Democracy has never operated in accordance with its authorized image. In classical liberal political thought democracy is defined as the government of the people by the people and for the people. Society chooses its government through its elected representatives, who are accountable not to their direct electors but to the nation as a whole (the famous ban on binding mandate is supposed to implement this idea of general accountability). The operations of the government are controlled by the parliament and the whole state is supervised by the public opinion whose task it is to articulate the needs and concerns of the citizens. Citizens are relatively well informed and able to form rational judgment about the issues that affect them and thus presumed to have personal autonomy, i.e., each is the best judge of their own interests. In this image democracy is not just about constitutional statutes and procedures but, on top of these, about ‘democratic citizens’ for whose sake the former exist. The idea of representative government as such is based on the intellectual maturity of the citizens without which it loses its principle of legitimacy.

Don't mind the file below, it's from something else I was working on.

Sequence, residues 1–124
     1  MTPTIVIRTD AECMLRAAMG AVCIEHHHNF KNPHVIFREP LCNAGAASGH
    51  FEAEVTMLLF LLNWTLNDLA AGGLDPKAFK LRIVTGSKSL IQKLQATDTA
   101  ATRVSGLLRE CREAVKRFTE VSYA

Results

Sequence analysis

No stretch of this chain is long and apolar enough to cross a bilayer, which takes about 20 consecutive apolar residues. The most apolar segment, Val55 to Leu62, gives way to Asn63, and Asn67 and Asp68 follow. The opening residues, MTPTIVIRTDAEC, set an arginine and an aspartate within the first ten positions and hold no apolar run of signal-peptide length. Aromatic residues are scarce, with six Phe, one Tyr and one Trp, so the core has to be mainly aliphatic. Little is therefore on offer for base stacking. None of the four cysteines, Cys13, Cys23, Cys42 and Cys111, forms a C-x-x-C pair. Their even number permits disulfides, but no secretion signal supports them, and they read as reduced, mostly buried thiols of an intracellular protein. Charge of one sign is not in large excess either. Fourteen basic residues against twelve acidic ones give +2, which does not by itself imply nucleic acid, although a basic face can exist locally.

It turns out, however, that citizens are not really predisposed to intellectual autonomy, moral responsibility or rationality. In fact, citizens are not even ‘citizens’ – except perhaps during electoral campaigns ? but the ‘masses’, who are irrational, dumb, fickle, and generally not interested in wasting their time and energy in getting themselves involved in matters that don’t immediately touch their lives. This is the discovery that took place in the course of the nineteenth century and culminated after World War I in the behaviorist social psychology in the United States. In the first half of the nineteenth century, ‘the average man’ became the object of a new ‘science’. ‘Man’s free will is effaced and remains without perceptible effect when observations are extended to a large number of individuals.’ (Quetelet) In studying the average man, Quetelet hoped to be able to produce a science of the variables and parameters that influence human behavior and thus help devise implements capable of regulating the ‘disruptive forces’ of man that imperil the stability of society. The ‘psychology of the crowd’ became in the middle of the nineteenth century a favorite topic of not only literary production but also ‘scientific research’ sponsored by various state institutions throughout Europe and North America. As I just mentioned this development came to a head in the 1930s with the rise in the US of firms specializing in opinions and attitudes. This was partly in response to the needs of the US corporations that introduced the revolutionary idea of a business that organized not just production but the whole process from procurement of raw material to distribution to sale and even marketing. Systematic investigation and classification of consumer behavior, along with perfecting techniques of commercial advertising, assumed strategic importance. The pioneers of opinion polls, trained in the behavioral sciences, were mobilized by the advertisers to develop methods for studying the ‘impact’ of advertising on consumers. Along side pollsters, the ‘public relations’ industry attended to the task of manufacturing consumer motivations and desire. Thus a whole constellation of businesses grew around the goal of organizing economic functions on both ends of supply and demand. In the 1930s polling techniques for measuring and analyzing behavior and marketing techniques for implanting desire were soon brought to bear on electoral processes. Consumer culture oriented by the logic of the market need not be limited to the economic sphere. It also embraces the ‘political market’. Here, various political entrepreneurs, with the help of pollsters, publicity consultants, marketing experts, etc., ‘offer’ their wares to the citizen-consumers. Opinion research thus brought together in a unique context academia, business, political parties and government agencies, and public relations firms. In 1937 in the US a new journal was launched: Public Opinion Quarterly.